News from the 2015 AMA Convention

During the annual meeting of the American Medical Association, the nation’s largest organization of U.S. physicians elected new leadership, passed a number of resolutions through the House of Delegates, engaged in discussion over pressing issues in the healthcare delivery system and participated in CME workshops. Following are highlights from the 2015 meeting in Chicago, which was held June 8-10.

Steven J. Stack, MD, Inaugurated as 170th President of AMA

Steven J. Stack, MD, an emergency physician practicing in Lexington, Ky., has been sworn in as the 170th president of the American Medical Association. Stack, who is the first emergency physician to serve in the role and the organization’s youngest president in the last 160 years, will focus his tenure on advancing the AMA’s three strategic areas: improving health outcomes for the 86 million Americans living with pre-diabetes and the 70 million with hypertension; accelerating change in medical education to ensure physicians are prepared to meet the needs of a 21st Century healthcare system; and enhancing physician satisfaction and practice sustainability.

"I am honored and privileged to be named president of an organization that is dedicated to art and science of medicine and the betterment of public health and a profession that is working to improve the health of our nation," said Stack. "I look forward to serving on behalf of America’s physicians to not only create a brighter future for the medical profession but a healthier America one patient at time, one family at a time and one community at a time.”

Stack is nationally recognized for his expertise in health information technology – serving as chair of the AMA's HIT Advisory Group from 2007 to 2013. He has also served on multiple federal advisory groups for the Office of the National Coordinator (ONC) for HIT and as secretary for eHealth Initiative, a non-profit multi-stakeholder organization committed to advancing healthcare through technology. In his home, Stack has served as medical director of the emergency departments at St. Joseph East in Lexington and St. Joseph Mt. Sterling in rural eastern Kentucky. He was also previous medical director of the emergency department at Baptist Memorial Hospital in Memphis.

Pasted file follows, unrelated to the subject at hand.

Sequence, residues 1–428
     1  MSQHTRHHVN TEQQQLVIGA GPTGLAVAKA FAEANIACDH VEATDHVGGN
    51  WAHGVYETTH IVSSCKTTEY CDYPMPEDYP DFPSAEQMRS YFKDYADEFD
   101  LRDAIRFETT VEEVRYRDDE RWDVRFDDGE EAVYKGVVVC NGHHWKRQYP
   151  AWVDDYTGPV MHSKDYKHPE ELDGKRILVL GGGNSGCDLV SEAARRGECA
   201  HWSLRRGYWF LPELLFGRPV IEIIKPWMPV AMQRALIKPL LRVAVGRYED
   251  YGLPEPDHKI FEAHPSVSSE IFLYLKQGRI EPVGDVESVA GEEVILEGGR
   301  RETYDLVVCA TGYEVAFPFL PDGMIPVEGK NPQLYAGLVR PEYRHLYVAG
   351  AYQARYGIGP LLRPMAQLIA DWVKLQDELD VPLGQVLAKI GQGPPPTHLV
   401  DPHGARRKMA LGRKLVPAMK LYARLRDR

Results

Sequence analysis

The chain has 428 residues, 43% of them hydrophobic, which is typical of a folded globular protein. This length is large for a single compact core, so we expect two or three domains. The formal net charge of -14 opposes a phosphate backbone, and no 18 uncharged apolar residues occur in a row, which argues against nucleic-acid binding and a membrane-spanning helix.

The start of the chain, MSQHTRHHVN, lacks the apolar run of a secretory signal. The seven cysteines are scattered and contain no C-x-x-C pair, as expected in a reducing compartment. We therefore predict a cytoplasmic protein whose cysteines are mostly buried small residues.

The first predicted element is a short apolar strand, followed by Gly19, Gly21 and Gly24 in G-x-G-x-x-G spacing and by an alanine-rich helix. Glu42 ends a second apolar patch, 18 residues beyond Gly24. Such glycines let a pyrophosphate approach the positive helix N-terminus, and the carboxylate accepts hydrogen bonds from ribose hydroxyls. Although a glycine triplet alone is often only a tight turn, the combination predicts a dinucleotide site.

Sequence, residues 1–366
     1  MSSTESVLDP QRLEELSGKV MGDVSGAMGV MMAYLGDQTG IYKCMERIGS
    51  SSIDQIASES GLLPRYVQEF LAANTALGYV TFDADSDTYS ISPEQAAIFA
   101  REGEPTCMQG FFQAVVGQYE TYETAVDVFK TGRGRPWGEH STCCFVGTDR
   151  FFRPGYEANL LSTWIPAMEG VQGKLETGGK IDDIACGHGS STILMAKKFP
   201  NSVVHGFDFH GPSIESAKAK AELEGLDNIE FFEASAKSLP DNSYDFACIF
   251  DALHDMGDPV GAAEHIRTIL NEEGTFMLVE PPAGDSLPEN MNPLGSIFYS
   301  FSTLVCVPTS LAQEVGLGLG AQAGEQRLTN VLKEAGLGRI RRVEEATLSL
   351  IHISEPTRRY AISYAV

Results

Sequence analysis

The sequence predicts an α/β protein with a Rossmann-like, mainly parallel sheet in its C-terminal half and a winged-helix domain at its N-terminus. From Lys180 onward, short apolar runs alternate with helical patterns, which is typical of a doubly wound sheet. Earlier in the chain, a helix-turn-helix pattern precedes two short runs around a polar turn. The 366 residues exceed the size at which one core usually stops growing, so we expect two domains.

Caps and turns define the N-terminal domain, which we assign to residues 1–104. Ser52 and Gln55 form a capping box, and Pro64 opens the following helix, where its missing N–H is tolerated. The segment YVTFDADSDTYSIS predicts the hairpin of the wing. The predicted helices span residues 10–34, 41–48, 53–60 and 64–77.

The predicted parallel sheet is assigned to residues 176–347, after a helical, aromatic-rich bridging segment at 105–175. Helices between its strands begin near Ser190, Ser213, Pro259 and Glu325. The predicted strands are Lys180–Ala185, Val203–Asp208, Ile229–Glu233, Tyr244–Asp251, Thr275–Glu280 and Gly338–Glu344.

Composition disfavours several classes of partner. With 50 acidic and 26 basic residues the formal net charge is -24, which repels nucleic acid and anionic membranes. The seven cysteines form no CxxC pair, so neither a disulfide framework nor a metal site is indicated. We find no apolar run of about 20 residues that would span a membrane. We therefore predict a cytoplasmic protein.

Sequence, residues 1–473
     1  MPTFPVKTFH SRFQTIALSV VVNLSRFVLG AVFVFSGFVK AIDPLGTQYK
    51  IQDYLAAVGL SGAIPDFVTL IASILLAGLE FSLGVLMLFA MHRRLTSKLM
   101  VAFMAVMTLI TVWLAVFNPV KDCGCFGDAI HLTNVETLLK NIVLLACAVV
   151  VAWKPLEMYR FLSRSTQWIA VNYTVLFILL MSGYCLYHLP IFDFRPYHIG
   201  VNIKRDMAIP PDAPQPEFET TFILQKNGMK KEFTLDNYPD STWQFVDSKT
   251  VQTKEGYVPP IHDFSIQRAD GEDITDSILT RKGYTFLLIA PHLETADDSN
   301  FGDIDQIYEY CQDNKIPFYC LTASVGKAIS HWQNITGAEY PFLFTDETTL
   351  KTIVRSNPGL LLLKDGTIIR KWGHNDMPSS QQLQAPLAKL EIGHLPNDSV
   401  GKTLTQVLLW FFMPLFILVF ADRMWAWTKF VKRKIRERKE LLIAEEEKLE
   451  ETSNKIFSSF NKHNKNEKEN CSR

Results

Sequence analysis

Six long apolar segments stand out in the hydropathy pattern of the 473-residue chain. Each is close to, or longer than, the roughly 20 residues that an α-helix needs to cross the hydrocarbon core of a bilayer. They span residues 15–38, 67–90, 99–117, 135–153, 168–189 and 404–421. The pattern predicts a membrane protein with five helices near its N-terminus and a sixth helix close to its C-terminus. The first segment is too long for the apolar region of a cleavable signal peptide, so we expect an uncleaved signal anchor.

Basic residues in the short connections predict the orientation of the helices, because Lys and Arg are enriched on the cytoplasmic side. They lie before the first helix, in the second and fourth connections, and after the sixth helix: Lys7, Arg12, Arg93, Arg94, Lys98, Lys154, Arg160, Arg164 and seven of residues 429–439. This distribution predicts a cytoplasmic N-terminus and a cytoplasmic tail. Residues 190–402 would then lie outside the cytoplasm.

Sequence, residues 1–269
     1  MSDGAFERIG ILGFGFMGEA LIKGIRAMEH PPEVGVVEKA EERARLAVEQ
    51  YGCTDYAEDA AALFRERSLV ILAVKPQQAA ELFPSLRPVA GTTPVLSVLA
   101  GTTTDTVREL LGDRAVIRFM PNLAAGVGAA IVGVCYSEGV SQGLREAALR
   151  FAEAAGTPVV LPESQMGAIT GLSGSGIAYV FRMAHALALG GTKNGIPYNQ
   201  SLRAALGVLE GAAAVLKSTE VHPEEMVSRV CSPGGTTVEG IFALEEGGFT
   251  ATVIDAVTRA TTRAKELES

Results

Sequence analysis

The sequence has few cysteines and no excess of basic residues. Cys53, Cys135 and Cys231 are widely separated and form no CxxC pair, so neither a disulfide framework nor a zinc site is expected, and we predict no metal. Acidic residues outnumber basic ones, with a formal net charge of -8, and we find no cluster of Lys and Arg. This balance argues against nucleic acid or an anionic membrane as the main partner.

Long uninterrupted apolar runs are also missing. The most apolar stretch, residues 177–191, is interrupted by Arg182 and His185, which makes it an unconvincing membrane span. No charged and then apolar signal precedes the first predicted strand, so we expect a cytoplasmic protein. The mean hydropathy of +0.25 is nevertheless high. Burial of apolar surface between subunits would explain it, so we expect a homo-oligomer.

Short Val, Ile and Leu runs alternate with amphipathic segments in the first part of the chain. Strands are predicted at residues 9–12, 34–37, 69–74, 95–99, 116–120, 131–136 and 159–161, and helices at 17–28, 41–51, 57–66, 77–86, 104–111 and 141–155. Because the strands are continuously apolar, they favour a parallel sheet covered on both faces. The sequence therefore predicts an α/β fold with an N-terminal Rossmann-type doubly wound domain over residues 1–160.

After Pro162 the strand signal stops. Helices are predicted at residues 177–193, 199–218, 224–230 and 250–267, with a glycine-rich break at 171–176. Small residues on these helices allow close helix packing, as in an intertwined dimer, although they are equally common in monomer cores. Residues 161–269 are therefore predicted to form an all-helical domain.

Elected to the AMA Board of Trustees in 2006, Stack was the first board-certified emergency physician to serve as an AMA board member. During the last eight years, he has served in many leadership positions, including AMA board chair and AMA secretary. Prior to his service on the board, he held a distinguished record as an elected leader within numerous state, national and specialty medical associations.

Stack graduated magna cum laude from the College of the Holy Cross in Worcester, Mass. He completed his medical school education and emergency medicine training at the Ohio State University before moving to Memphis to begin his clinical practice before relocating to Lexington in 2006.


Andrew Gurman, MD, Announced as AMA’s President-elect

On June 9, the AMA announced the election of Andrew W. Gurman, MD, an orthopaedic hand surgeon from Hollidaysburg, Pa. as the new president-elect. Following his yearlong term as president-elect, Gurman will assume the office of AMA president in June 2016.

“It is a deep honor and privilege to be named president-elect of an organization that is committed to helping the medical profession and the patients we serve,” said Gurman. “Challenging times remain for the healthcare system; and as AMA president-elect, I pledge to serve as a strong voice for American physicians as we work with others to solve challenges to providing the best medical care in the world to all, while preserving our sacred relationship with patients.”

During the last eight years, Gurman has served as the speaker and vice speaker of the House of Delegates and has been an active member of the AMA Board of Trustees. He has served as board liaison to the AMA Foundation and worked to align the activities of the Foundation with the mission of the AMA. He also has represented the AMA at the Physician Consortium for Performance Improvement and the National Association of Boards of Pharmacy Stakeholders Group on Opioid Prescribing and Dispensing.

Gurman attended Syracuse University and received his medical degree from the State University of New York Upstate Medical University, Syracuse, in 1980. He completed a surgical internship and residency in orthopaedic surgery at the combined Montefiore Hospital/Albert Einstein program in New York City, and a fellowship in hand surgery at the Hospital for Joint Diseases Orthopaedic Institute, also in New York City.


AMA Supports Tighter Limitations on Immunization Opt Outs

Addressing the re-emergence of vaccine preventable diseases in the United States requires states to move toward barring non-medical exemptions to immunization mandates, according to new policy adopted by the nation’s physicians at the AMA annual meeting. Under new policy, the AMA will seek more stringent state immunization requirements, which vary from state to state. Currently, only two states bar non-medical exemptions based on personal beliefs.